“I was out to dinner with Strubs, in a restaurant a few miles away in the Rheinhessen, and it was my first or second night in Germany and I was jetlagged and dehydrated. I needed a wine with some fruit. After good-humoredly dispatching whatever dry wines had been ordered, I spotted a 2016 Riesling Kabinett and asked if I could have it. I could. It arrived and was perfect. I mean, perfect; it was every single thing a Riesling Kabinett could be, the Platonic Ideal of the genre. The producer was someone named Braunewell, whom I didn’t know. “Do you know them?” I asked Sebastian. He did; they were in the same group of young Rheinhessen vintners. “Are they good?” I asked. That would be for you to decide, he replied diplomatically.
Samples were asked for and received, and I tasted them four weeks later when I was back in Nierstein, along with samples from another estate who’d been pursuing me, whose wines got higher “scores” but which I didn’t like as much. Braunewell was compelling, but I didn’t have time to visit and didn’t wish to rush into things until I could do it properly. Could we wait a year? Yes, they said – we could.
I saw them a in March of 2019, having checked them out online and in the guides. They belong to my absolute favorite environmental certifier, the manifestly and holistically sensible FAIR & GREEN – google it and be prepared to be made very happy that people can be so wise and humane. All indicators were good, and I was eager to taste me some foxy new Rieslings. Alas, I was ambushed, delightedly, by some truly remarkable Pinot Noirs, of all things, which I didn’t expect and which became the pleasantest surprise of the last four weeks in Europe.” – Terry Theise
We are very excited to introduce these unique Rieslings, Pinots and Sparkling wines to the United States!
Braunewell is located in the village of Essenheim, not far from Nierstein in the Rheinhessen hinterlands. Just 12km southwest of Mainz, Essenheim is in the Setztal, an area just south of the Rhein, which is marked by a persistent wind, and just 8km south of the Rhein river. Driving up from the south, one can see that Essenheim is home to steep and imposing a hillside, jutting out from the generally rolling landscape. The estate is a family run enterprise, with 27 hectares, operating with wisdom, sentiment and competence. The family is serious about what they do, making wines with care and craftsmanship – it’s not a an estate run by amateurs. Braunewell is contemporary, but not “modern”; it has soul and character. In general, the soils are very unusual for Rheinhessen; limestone and limey marl and loess, and only a little clay. Stefan Braunewell and his brother Christian, the third generation at estate, aim to produce wines that are “salty and quivering,” and “less relaxed” than many Rheinhesen wines.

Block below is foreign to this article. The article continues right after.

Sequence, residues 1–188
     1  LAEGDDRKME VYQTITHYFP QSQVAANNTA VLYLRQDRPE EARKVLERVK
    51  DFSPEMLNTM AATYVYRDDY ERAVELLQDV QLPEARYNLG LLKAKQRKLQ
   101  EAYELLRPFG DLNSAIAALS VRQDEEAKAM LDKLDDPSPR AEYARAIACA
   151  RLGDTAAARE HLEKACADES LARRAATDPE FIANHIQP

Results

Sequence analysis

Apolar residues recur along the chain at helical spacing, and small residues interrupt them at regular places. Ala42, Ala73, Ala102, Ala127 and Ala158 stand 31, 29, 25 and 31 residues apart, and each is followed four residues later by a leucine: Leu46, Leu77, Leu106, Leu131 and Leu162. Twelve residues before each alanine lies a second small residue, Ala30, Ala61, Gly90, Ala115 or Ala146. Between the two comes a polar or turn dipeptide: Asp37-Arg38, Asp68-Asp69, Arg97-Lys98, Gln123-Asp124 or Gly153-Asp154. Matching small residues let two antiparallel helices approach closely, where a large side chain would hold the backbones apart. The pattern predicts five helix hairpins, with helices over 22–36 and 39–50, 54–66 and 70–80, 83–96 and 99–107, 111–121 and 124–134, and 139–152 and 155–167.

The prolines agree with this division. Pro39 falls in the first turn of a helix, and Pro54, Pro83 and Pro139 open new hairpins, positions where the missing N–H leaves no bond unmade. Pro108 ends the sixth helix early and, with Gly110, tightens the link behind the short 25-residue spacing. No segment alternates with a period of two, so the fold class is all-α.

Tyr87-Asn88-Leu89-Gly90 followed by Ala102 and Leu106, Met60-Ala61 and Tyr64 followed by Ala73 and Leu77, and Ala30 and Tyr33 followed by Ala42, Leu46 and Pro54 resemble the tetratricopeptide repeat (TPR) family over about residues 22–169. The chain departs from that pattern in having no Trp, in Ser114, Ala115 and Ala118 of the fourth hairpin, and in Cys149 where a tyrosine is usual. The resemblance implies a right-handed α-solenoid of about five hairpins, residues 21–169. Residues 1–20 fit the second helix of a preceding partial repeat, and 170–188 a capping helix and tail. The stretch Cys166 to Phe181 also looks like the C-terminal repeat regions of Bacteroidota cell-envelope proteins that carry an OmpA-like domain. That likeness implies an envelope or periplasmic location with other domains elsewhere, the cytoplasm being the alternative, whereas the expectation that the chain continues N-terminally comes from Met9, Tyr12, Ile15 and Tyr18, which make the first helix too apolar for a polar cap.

To the east of the village, Teufelspfad is an extraordinarily varied vineyard site and different varieties are favored, based on the parcel and soils. Riesling is grown mainly in two parcels “Zu Morruff” and “Am Klopp”, which have Terra Fusca, the limestone rich soils most commonly found in the Mediterranean. These parcels are steep (30%) and allow for good drainage, perfectly suited to Riesling. Further down the slope are calcareous parcels “Am Stadeckerweg” , “Am Millesand” and “Am Teifelspfad”, where Pinot Noir and Pinot Gris are planted. To the west, are “Im Brinkel” and “Am Holler”, where Pinot Noir is also planted, producing stronger and more powerful Pinot. To the south is “Reitenberg”, again with a 30% incline and loess and sandstone soils, where Riesling again is favored.
Blume is of the most famous locations in the northern Selztal, the name of this area, which takes it’s name the village just to the west of Essenheim. Blum is named for the parcel “In der Blum”, but the etymology here isn’t known. The wines do carry a certain floral aroma, but Braunewell isn’t convinced that this is the sole reason for the name. The soil is characterized by strong, tertiary marl with a high proportion of fossil bearing limestone here. The site was too steep for tractors, so to make working the vineyard easier, terraces were created. Blume is planted mostly to Riesling and Pinot Noir which express the mineral and fresh side of these varieties.
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